How do I conduct an "open world" super adventure?

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So yeah... After 3 years of making linear campaigns like anime shows I decided to try something else more a-la traditional RPG (or as I told my PCs... Skyrim with pen and paper). The problem here guys is that... I have NO idea how to do that. I am using Masterplan and video game sprite tiles to make the world, we are using the Anima Beyond Fantasy setting (but modified... with magic and pretty stuff and D&D religions), so the World Maps are ready; plus I'm running a 2 player (and some times one) adventure so yeah... I made myself a couple NPCs for when they have to face the big baddies.

However as I just said, I've got no friggin idea on how to give them an open world to explore... Masterplan makes random dungeon delves for me so there's no problem, and I already registered all the Monster Manual 1 on it plus all the magic items from Adventurers Vault and DM Guide 1, however I have uhm... no idea how to measure distances, how to tell them step by step the world and where to go... I mean I bet I would forget everything sooner or later -.-U
1) Plan a bit more then just for the next session. It's entierly possible to make a dungeon and have them not even notice it.  But you want extra just in case they move faster then you plan.

2) NPC's don't sit still.  If you have a dragon attacking in the south, and undead in the north, whichever way they go, the other will have time to destroy things.

3) Listen to the players.  They can make up much of the world themselves.  Have an NPC ask them about their home village, write that down and put it on a map.

4) Keep a notebook of what is known, and what planned.  Even if you planned on a dragon behind door #3, you can change it to an empty room if needed.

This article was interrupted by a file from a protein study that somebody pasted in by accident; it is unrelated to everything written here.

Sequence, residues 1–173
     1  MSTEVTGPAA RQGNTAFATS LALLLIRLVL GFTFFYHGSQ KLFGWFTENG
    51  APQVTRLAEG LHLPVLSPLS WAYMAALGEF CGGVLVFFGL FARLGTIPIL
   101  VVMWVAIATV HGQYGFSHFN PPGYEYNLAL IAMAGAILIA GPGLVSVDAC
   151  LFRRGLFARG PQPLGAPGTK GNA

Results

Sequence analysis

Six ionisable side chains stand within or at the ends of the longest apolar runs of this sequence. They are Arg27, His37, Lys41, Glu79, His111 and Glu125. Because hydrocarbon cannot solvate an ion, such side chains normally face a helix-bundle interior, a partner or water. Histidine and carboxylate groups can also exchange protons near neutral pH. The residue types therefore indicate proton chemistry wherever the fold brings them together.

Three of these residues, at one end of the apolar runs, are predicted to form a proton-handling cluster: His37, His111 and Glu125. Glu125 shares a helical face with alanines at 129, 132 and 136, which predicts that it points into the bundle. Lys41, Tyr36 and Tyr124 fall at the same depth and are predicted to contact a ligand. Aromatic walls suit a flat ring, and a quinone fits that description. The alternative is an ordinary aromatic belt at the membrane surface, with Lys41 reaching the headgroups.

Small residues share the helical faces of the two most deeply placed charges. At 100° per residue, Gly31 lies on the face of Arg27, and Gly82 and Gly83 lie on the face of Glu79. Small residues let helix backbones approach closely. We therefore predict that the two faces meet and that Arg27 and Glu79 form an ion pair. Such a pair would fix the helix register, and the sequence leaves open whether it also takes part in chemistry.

5) Set up some random encounters.  A few wandering orcs, a bear, or whatever.  Throw it at them if you run dry, or if they suddenly decide going back to leave the dungeon and get more rope.  Hopefully it won't happen too often, and often as not, it will generate new plot hooks.

List of no-action attacks.
Dynamic vs Static Bonuses
Phalanx tactics and builds
Crivens! A Pictsies Guide Good
s to intentionally miss with
Mr. Cellophane: How to be unnoticed
Way's to fire around corners
Crits: what their really worth
Retroactive bonus vs Static bonus.
Runepriest handbook & discussion thread
Holy Symbols to hang around your neck
Ways to Gain or Downgrade Actions
List of bonuses to saving throws
The Ghost with the Most (revenant handbook)
my builds
F-111 Interdictor Long (200+ squares) distance ally teleporter. With some warlord stuff. Broken in a plot way, not a power way.

Thought Switch Higher level build that grants upto 14 attacks on turn 1. If your allies play along, it's broken.

Elven Critters Crit op with crit generation. 5 of these will end anything. Broken.

King Fisher Optimized net user.  Moderate.

Boominator Fun catch-22 booming blade build with either strong or completely broken damage depending on your reading.

Very Distracting Warlock Lot's of dazing and major penalties to hit. Overpowered.

Pocket Protector Pixie Stealth Knight. Maximizing the defender's aura by being in an ally's/enemy's square.

Yakuza NinjIntimiAdin: Perma-stealth Striker that offers a little protection for ally's, and can intimidate bloodied enemies. Very Strong.

Chargeburgler with cheese Ranged attacks at the end of a charge along with perma-stealth. Solid, could be overpowered if tweaked.

Void Defender Defends giving a penalty to hit anyone but him, then removing himself from play. Can get somewhat broken in epic.

Scry and Die Attacking from around corners, while staying hidden. Moderate to broken, depending on the situation.

Skimisher Fly in, attack, and fly away. Also prevents enemies from coming close. Moderate to Broken depending on the enemy, but shouldn't make the game un-fun, as the rest of your team is at risk, and you have enough weaknesses.

Indestructible Simply won't die, even if you sleep though combat.  One of THE most abusive character in 4e.

Sir Robin (Bravely Charge Away) He automatically slows and pushes an enemy (5 squares), while charging away. Hard to rate it's power level, since it's terrain dependent.

Death's Gatekeeper A fun twist on a healic, making your party "unkillable". Overpowered to Broken, but shouldn't actually make the game un-fun, just TPK proof.